Violent Islamist extremism, for example, is the product of incompetent, illegitimate governance in many parts of the Muslim world. Assad is the poster child for political illegitimacy. His willingness to burn Syria to the ground to preserve his title has made him recruiter-in-chief for ISIS (ISIL, Daesh, IS, Islamic State) throughout the world. Yes, the ISIS “physical caliphate” in Syria and Iraq has been erased, but thousands of fighters remain at large in those two countries, and God alone knows how many more damaged and deranged people there are around the world prepared to replicate the Easter Sunday massacres of Sri Lanka. Assad and his Iraqi counterpart at the time, Nouri al-Maliki, employed all their talents for incompetence, corruption, and political sectarianism to bring al Qaeda in Iraq back to life as ISIS. For Assad, civilians on the bullseye was the essential ingredient in his own, ISIS-conjuring, devil’s brew.
Assad has been using barrel bombs since 2012. Future historians may well ask why the West — the United States in particular — permitted him to keep an air force (rotary and fixed wing) capable of terrorizing and killing civilians in such large numbers. Removing those murderous assets would require no innovations in military science. For the Obama administration, not wishing to offend Iran and general skepticism about the worthiness and competence of US military power may prove to have been the reasons. For the Trump administration, chemical weapons have emerged as a red line — a genuine red line — for a president who has openly communicated his desire to put Syria in his rear-view mirror.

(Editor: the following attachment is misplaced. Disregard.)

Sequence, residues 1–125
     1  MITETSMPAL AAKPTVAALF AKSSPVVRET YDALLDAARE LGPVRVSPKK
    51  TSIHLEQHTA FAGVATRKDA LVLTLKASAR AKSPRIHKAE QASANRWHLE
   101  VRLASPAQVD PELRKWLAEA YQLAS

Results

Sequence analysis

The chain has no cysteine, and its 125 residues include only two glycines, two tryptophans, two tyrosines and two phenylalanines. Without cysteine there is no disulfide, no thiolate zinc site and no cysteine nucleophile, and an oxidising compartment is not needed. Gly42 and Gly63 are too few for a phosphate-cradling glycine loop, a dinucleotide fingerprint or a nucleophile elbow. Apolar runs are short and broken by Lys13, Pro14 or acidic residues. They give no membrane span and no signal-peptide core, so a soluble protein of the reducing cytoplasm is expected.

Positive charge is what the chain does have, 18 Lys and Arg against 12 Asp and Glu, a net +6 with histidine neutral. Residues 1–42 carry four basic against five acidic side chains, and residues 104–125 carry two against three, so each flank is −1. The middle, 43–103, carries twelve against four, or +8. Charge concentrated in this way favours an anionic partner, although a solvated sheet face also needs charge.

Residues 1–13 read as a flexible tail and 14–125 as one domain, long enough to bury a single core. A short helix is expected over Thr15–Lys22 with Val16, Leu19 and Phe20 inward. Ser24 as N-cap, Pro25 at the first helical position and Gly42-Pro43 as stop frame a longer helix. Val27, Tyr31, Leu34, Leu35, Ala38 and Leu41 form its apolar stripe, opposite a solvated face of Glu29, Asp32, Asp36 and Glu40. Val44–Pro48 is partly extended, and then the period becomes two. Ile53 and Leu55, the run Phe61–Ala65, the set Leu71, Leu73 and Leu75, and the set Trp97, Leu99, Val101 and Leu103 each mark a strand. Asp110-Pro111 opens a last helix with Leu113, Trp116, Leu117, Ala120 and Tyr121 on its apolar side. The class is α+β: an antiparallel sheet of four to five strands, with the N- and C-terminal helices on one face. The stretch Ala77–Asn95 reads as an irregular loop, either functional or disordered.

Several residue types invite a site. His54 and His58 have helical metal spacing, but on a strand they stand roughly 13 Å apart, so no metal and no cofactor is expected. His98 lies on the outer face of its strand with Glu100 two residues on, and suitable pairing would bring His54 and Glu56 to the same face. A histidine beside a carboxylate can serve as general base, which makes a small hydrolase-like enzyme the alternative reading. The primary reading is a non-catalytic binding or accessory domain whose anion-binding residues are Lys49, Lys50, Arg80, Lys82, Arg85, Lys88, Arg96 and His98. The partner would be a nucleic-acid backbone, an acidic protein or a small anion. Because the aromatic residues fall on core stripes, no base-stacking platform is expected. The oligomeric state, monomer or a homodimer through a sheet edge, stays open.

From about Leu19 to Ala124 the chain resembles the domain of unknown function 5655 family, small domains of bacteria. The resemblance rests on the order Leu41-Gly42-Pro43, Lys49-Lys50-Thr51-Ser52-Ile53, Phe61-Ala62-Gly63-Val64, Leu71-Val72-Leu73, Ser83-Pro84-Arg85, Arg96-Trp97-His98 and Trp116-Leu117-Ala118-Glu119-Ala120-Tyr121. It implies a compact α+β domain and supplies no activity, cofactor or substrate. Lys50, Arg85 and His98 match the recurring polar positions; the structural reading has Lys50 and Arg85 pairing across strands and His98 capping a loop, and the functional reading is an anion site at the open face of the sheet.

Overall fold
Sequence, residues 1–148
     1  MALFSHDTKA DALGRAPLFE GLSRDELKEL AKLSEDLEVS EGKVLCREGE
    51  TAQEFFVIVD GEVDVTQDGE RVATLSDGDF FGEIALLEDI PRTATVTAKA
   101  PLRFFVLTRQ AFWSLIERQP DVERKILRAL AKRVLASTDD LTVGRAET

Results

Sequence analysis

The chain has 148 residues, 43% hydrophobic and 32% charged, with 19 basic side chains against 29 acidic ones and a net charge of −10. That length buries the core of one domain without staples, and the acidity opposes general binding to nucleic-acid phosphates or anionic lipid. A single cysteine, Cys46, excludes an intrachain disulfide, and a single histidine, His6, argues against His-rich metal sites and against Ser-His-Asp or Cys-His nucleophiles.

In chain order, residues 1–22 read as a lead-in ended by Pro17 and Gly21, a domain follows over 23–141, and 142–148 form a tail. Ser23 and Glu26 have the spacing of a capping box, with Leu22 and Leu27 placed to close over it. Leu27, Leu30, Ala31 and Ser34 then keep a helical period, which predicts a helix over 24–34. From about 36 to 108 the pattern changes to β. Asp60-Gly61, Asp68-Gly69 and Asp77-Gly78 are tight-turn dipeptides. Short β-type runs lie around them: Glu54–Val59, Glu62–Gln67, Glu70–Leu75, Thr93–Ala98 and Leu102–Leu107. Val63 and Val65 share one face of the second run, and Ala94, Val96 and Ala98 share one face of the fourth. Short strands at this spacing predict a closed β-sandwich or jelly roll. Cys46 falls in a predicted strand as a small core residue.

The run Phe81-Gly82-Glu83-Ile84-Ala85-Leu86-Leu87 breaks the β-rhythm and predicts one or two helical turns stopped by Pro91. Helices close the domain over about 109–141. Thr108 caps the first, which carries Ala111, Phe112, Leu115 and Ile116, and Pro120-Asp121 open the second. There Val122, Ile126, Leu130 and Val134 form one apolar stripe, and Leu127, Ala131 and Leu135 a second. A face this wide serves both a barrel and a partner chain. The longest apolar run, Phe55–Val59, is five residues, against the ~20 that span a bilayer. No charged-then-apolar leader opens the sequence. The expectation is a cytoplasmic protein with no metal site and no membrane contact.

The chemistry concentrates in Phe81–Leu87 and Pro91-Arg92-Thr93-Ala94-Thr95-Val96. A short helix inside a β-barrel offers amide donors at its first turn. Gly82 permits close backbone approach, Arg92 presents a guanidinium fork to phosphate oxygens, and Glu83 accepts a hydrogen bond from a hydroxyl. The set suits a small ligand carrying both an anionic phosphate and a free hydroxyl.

Russia, Assad, and Iranian-commanded militias may well stop short of the kind of large aerial and ground operation that could stampede three million people toward Turkey. Russian President Vladimir Putin would probably want to preserve the possibility of dislodging Turkey from NATO and making the country a significant buyer of Russian weaponry. No doubt Assad would want to go all out in northwestern Syria, carried aloft by Russians and Iranians. But the Kremlin has other fish to fry, so Assad may end up eating Idlib one bite at a time.
Rhetorically “unacceptable” mass murder and terrorizing civilians will, however, continue at varying levels of intensity in Syria. Chemicals aside, the West has supinely accepted grotesque criminality in Syria; behavior that likely will be replicated elsewhere around the globe when thieving, incompetent dictators face popular uprisings. There have been and will continue to be consequences for this abdication. They will not be pretty, even for those who have done the abdication.
Frederic C. Hof is a distinguished senior fellow with the Atlantic Council’s Rafik Hariri Center. Follow him on Twitter @FredericHof.